With the rise in the population’s incomes, it has started to spend more - an intense rise in retail trade was accompanied with certain shifts in the structure of demand of the population. In contrast to the prior year, practically the whole rise in goods turnover was ensured by the expanding sales of food Iiq Ivq II q II q II q III q III q III q IVq IV q 1999/Iq 2002/Iq 2000/I q 2001/I q stuffs. With the rise in retail trade turnover at 8.4% compared wit the 1st half 001, the increment in food sales accounted for 9.8%, while the one in sales of non-food goods - for 7.1%. The change in consumer behavior is explained by structural shifts across main tradable groups. Overall, in the Ist half 2002 consumer prices grew by 9.0% vs. 12.7% reported over the 1st half 2001. Against the background of the general trend to slowdown of inflation, the prices for food stuffs have grown by 7.3% since early 2002, while those for non-food goods- by 5.9%. It is worth noting that with the current level of income the rise in spending on food stuffs stimulated the development of trends to formation of delayed demand for durables and led to maintenance of the current level and dynamics of the population’s spending.
The renewal of consumer demand can be viewed as a factor that compensates for the slowdown in investment demand growth rate in early 2002. When compared with the Ist half 001, the share of investment in GDP dropped nearly by 2 percentage points and roughly accounted for 12.5%. This year, the fall in investment demand was reported by 4 federal Super-regions, while the Central and Ural Super-regions reported investment activity roughly remained unchanged, and the Far-Eastern Super- region being the only one where the rise in investment was bigger than the average index nationwide. It can be attributed chiefly to the increment in investment in Sakhalin oblast nearly 1.times.
FIG.Change in dynamics of industrial output, investment in capital assets and retail trade turnover in the Ist half 2002, as % to the respective period of the prior year ---Industrial output Investm ent in capital assets Retain trade turnover It should be noted that influenced the rising investment activity, in the IInd quarter the trend to expansion of final demand has gained a steady pace. The rise in investment demand in the IInd quarter also embraced construction works and investment in machinery and equipment. At the same time, against the background formed by stagnation in the machine-engineering sector, the demand for machinery and equipment was at 22.7% covered by import supplies.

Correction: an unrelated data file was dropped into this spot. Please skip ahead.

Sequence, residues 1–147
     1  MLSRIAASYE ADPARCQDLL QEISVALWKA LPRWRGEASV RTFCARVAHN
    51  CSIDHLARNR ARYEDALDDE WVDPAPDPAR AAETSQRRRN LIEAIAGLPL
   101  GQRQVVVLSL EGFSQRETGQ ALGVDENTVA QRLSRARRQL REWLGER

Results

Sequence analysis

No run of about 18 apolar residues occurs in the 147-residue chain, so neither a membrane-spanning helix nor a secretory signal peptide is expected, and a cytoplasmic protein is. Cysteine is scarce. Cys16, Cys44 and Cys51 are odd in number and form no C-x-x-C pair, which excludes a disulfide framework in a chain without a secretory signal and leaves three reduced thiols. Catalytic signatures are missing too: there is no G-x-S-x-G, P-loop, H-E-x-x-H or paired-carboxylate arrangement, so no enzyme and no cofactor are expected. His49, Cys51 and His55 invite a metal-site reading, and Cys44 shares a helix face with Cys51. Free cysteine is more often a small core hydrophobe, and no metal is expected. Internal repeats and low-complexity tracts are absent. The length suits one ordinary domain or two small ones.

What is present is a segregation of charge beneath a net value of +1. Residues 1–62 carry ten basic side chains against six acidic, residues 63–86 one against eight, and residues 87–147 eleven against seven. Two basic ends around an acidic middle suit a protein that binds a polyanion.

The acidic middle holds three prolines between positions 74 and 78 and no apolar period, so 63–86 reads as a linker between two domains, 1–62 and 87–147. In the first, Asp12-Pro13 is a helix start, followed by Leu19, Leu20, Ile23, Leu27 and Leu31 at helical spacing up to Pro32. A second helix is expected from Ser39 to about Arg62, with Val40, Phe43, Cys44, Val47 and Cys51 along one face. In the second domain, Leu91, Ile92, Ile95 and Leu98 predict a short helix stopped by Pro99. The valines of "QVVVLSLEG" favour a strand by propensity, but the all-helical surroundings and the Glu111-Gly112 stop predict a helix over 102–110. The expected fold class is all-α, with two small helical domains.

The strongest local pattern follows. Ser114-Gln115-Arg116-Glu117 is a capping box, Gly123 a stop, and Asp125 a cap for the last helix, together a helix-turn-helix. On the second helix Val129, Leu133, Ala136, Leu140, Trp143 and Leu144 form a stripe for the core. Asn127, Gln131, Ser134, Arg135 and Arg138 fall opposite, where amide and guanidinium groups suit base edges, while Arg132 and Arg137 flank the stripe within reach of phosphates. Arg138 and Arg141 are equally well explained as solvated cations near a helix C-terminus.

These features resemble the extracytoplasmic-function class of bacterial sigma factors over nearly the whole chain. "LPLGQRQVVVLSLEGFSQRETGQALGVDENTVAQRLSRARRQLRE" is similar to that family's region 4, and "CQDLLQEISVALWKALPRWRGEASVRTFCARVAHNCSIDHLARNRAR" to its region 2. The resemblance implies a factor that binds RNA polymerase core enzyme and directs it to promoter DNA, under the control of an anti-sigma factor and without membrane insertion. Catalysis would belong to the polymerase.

One of main factors limiting investment activity between the IInd half 2001 through the 1st half 2002 appeared a steady decline in production profitability rates. Between January to May 2002 the balance financial result of large and medium-sized entities of all the sectors slid by 36.7% to Ist respective level of the prior year, including by 45.4% across the industrial sector. The fall in profitability rate in the latter was affected by a drop in profitability rate of export operations, rise in production costs, particularly including the advanced rise for costs of fuel, electricity and salaries and ages. When compared with the Ist quarter 2001, the share of gross profit in GDP slid by 1.percentage points, while the share of employees’ salaries and wages grew by 2.5 percentage points.
The emergence of this particular trend against the background of the drop in productivity rate has an inhibiting impact on the level of business activity.
O. Izryadnova l t n n n a al r r ga RF l ia es er t U o her s W ent V ber a ut C ho t E Si r S No Far The new guidelines for the government innovation policy in the high-tech area.
This paper reviews new approaches towards development of innovation activity and casting of a national innovation system proposed at the governmental level in the first half 2002. The paper also contains an analysis of amendments in law planned in the framework of basic guidelines of the government innovation policy that is to be finalized shortly. The paper focuses on the issue of venture funding and regulation of property rights on objects of intellectual property. In conclusion, the paper describes initial practical measures aimed at implementation of the proposed policy After a regular reshuffle in the Ministry of Industry and Science (MIS) in late October 2001, the first half 2002 witnessed more vigorous attempts of the government to provide support to high-tech businesses and establishment of favorable conditions for emergence of innovation activity.